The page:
After the first Santa Fe workshop on limits to scientific knowledge in the spring of 1994, for two years Roger Shepard and I organized a number of small informal weekend workshops, in which we invited half a dozen or so colleagues for an intense series of discussions. The topics varied, but were always related to the question of whether there are intrinsic limitations to a scientific world view. Are there aspects of the world that are in principle inaccessible to a scientific mode of inquiry? If so, what can we say about those limitations, how do they arise, and what type of knowledge is able to bridge science and other ways of knowing?
While these workshops were stimulating and thought-provoking, at the same time they were frustrating in the sense that we did not get far enough, by a long shot. Each weekend we started with a different cast of characters, and invariably we would have just succeeded to sort out the meaning of the different terms and concepts we were using by the time the weekend came to a close. Having been left with so many loose ends each time, by the summer of 1996 we decided to try a different approach. Instead of changing participants each time, we began to look for members of a core group who would commit themselves to an ongoing discussion that would continue over a period of several years.
During the next half year, we met with Steven A. Tainer, a teacher of contemplative traditions in Berkeley with a background in philosophy of science; Bas van Fraassen, professor of philosophy at Princeton University; and Arthur Zajonc, professor of physics at Amherst College. Early in 1997 we decided to meet once every two month for an extended weekend, in order to develop and sort of our various forms of understanding of what a scientific world view can mean.
One of our first tasks was to come up with a name for our group. We thought about something like Institute for Science and Human Values. Although the acronym ISHVA had a nice ring to it, we agreed that it all sounded a bit too boring, and besides, the danger was large that such a name would peg us in a conceptual box we would not be comfortable with. So instead we started looking for a name with a less immediate meaning, in order to invite people to see for themselves what we were doing, rather than to judge us directly by our name. Around that time I mentioned over a drink that my colleagues and were working on a computer program called the kira code, where the Japanese word `kira' stood for the sound of half a star twinkling, there was a unanimous feeling that that term would be a perfect match for our fledgling institute.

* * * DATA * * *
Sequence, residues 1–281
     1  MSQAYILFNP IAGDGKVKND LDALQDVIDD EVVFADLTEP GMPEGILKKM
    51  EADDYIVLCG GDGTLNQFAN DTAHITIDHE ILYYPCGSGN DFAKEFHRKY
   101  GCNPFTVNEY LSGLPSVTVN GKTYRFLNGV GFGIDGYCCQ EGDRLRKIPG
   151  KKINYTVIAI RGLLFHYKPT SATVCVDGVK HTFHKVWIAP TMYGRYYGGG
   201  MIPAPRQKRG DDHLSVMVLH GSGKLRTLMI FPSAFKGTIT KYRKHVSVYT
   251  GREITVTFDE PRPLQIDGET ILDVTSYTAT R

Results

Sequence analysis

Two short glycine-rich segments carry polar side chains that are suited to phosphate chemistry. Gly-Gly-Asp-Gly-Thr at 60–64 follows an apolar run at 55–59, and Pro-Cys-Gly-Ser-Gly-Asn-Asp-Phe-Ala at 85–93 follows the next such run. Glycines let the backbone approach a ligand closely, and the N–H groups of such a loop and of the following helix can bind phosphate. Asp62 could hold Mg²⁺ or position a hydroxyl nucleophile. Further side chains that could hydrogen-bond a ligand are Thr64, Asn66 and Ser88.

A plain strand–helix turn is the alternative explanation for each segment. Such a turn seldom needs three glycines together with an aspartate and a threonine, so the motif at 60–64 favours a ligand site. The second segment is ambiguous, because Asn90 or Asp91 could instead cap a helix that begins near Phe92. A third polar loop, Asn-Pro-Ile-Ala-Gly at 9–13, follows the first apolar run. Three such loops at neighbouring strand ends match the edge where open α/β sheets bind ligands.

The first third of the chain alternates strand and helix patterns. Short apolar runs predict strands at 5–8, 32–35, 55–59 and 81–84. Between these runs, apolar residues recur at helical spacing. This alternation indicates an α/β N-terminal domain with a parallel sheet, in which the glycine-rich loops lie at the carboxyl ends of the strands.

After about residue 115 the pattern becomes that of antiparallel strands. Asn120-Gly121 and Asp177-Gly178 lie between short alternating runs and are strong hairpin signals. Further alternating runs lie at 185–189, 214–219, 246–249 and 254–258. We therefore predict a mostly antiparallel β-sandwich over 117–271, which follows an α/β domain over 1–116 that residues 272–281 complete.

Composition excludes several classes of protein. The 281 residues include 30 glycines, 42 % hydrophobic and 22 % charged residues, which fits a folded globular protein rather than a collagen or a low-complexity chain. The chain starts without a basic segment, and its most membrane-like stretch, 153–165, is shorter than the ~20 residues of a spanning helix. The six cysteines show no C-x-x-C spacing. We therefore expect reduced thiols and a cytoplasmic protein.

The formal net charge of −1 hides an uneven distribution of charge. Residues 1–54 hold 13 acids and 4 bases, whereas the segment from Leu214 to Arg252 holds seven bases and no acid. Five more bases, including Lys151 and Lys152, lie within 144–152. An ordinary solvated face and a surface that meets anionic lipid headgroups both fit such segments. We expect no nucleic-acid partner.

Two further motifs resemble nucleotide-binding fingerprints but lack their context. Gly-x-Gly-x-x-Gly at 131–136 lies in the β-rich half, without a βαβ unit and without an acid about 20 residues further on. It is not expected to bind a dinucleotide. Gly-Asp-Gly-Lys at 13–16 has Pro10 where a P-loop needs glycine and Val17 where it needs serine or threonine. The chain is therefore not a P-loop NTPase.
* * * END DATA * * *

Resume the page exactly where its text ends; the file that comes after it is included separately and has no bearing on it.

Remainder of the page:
After I got permission from my fellow kira coders, we adopted the name and in that same year we officially incorporated the The Kira Institute as a non-profit organization kira for research and education. The only drawback for me was that I sometimes have to do a double take when I get an email message with the word Kira in the subject, but I am getting used to suspend my judgment until I find a further clue as to which kira is involved.
A Scientific World View
The two main charters of the Kira Institute are research and education. Our research activities have been carried out through a series of extended weekend meetings, starting in the spring of 1997. As we summarize in our manifesto What else is true? (besides scientific insight), we share a way of thinking that gives experience priority to theory. In the spirit of a Socratic inquiry, we want to leave our goals and our methods open to question, but we intend to let experience be the ultimate arbiter over dogma. We want to look into the nature of `experience' and its relation to theory, as well as to the reality that theory and experience point at. As part of our investigations, we intend to evaluate attempts (some unconscious) to use science to define "the world," and assumptions that it could define the world.
Individually, we have benefitted greatly from these regular meetings, and echoes of the discussions there have penetrated many of our recent writings. We plan to summarize some of our conclusions in one of more book-length publications in the near future.
Kira Summer Schools
The other half of our activities concerns education. Starting in the summer of 1998, we have organized a series of yearly Kira Summer Schools. Most participants have been graduate students either in a branch of science or of science studies, such as the history, philosophy, or sociology of science. See the kira web site for information about current activities, and how to apply for participation.
When we announced the first summer school, I wrote a short piece
- Scholars form the Kira Institute to explore science and human experience, by Hut, P., 1998, Science & Spirit, 9, No. 1, pp. 26-28.
Three years later, I wrote another announcement:
- Ways of Knowing, a summer program offered by the Kira Institute, by Hut, P. 2001, Research News & Opportunities in Science and Theology 1, No. 9, p. 15.